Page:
The arrival of the extended Senior Managers and Certification Regime (SM&CR) is imminent, meaning that impacted firms need to have trained relevant staff by 9 December 2019. In this blog post, we look at how a blended learning programme can help you prepare.
The SM&CR has applied to the UK banking sector since 2016, and as a specialist in providing custom learning solutions for the governance, risk and compliance sector, Eukleia has been fortunate to work with a large range of banks in this area over the last three years.
We’ve found that while standalone elearning courses play a large part in an effective SM&CR training programme, the most successful rollouts have been blended learning programmes.
This blog post is based on our webinar ‘SMCR Training Trends: What’s Working? What’s New?’ and looks at how a four-stage blended learning model can help you prepare.
Prepare for SM&CR with a four-stage blended learning model
- Landing the key messages
- Getting senior staff on-board
- Creating learner journeys
- Establishing the BAU
Stage 1: Landing the key messages
This looks to cover the basic ethos, themes and aims of the SM&CR, explaining key terminology, timelines and the context.
Stage 1 can be delivered through infographics, animations and video – all designed to engage the user. It’s worth noting at this stage that the learning content does not vary according to job role, allowing stage 1 to be a universal rollout. It’s aimed at raising awareness and addressing any concerns that staff may have.
It is important to keep the message positive, reassuring staff that the conduct standards placed on them by the new regime are in line with the existing conduct expectations of the firm.
Stage 2: Getting senior staff on board
Stage 2 is aimed at Senior Managers (SMs), broadly executive and non-executive directors, and other senior staff in HR, Legal and compliance, for example, who will play a key role in the implementation of the new regime.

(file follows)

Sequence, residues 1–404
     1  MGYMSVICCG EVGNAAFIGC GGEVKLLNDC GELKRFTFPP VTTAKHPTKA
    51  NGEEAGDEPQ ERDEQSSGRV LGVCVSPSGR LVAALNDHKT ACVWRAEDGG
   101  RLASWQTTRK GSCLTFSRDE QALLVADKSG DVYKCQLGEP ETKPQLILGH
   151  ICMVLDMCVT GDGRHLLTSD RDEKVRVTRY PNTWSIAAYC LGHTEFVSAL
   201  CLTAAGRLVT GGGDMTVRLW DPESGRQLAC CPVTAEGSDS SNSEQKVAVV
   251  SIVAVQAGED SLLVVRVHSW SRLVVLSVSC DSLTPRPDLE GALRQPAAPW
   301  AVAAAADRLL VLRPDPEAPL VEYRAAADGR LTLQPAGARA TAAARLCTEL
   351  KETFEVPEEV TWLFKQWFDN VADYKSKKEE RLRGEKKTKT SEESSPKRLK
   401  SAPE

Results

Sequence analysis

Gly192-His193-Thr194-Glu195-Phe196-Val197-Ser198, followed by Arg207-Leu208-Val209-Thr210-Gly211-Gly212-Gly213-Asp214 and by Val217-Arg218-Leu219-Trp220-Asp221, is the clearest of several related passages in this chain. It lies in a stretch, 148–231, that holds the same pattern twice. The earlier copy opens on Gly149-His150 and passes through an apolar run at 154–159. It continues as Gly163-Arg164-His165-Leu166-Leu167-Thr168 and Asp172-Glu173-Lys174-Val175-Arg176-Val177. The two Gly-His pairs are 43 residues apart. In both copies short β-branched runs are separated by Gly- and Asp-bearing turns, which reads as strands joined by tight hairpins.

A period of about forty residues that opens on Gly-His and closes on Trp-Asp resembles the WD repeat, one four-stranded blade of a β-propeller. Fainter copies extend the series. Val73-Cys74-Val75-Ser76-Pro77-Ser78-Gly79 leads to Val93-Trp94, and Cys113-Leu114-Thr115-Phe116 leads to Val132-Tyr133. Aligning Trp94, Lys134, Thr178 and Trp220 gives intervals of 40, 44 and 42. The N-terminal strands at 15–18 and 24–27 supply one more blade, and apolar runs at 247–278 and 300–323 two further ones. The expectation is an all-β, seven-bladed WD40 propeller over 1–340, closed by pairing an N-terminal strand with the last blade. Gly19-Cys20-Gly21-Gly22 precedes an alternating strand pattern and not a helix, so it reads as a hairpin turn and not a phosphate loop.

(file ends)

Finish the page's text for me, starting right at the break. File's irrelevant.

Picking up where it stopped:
The size and seniority of this population means that this training is best suited to face-to-face, interactive workshops. Social learning is helpful here. The ability to ask questions, explore grey areas and challenge colleagues helps the development of a consistent company-wide stance and approach to conduct standards and new procedures. These workshops can also be used to create scenario-based examples that can be used for the next stage…
Discover more with our definitive guide to the SMCR
Stage 3: Creating learner journeys
A key theme of the SM&CR is individual accountability and COCON requires a personalised approach to learning according to job role. This stage involves a rollout to two key populations who will be impacted; the Certified Persons population and Other Conduct Rule Staff population.
The method of training will likely be influenced by the number of staff attending the training. Typically, as these populations make up large proportions of the workforce, a digital solution can offer an efficient solution.
As per Stage 2, there is a strong case for breaking out senior Certified Persons in line manager roles to work through this stage in a workshop environment, where the benefits of social learning come into their own. This enables more complex and extended scenarios to be explored in detail so that a consistent approach can be developed. It also enables this population to ask questions, the sort of questions that they are likely to receive from their direct reports.
Stage 4: Establishing the BAU
The final step establishes an annual training programme as Business As Usual (BAU) on the Individual Conduct Rules for both the Certified Persons population and the wider Other Conduct Rules population.
The method of delivery will once again depend on numbers, but a digital solution will likely apply at this stage. It is important to remember that, as the SM&CR becomes embedded, the key messages about personal accountability and conduct standards should start to be built into other training to ensure a consistent and holistic approach. For example, Individual Conduct Rule 5 (Market Conduct) can be built into courses on market abuse.
So, as you can see, the four-stage model looks to deliver a blended learning programme by using face-to-face workshops at key stages where specialist groups will benefit most from social learning.
This also delivers efficiencies through digital learning platforms for larger audiences, while still allowing content to be tailored by job roles.
Discover more ways to prepare by watching the full recording of our SM&CR webinar.
If you’d like to discover more about how a blended learning programme can help you deliver the best experience for both your learners and organisation, get in touch.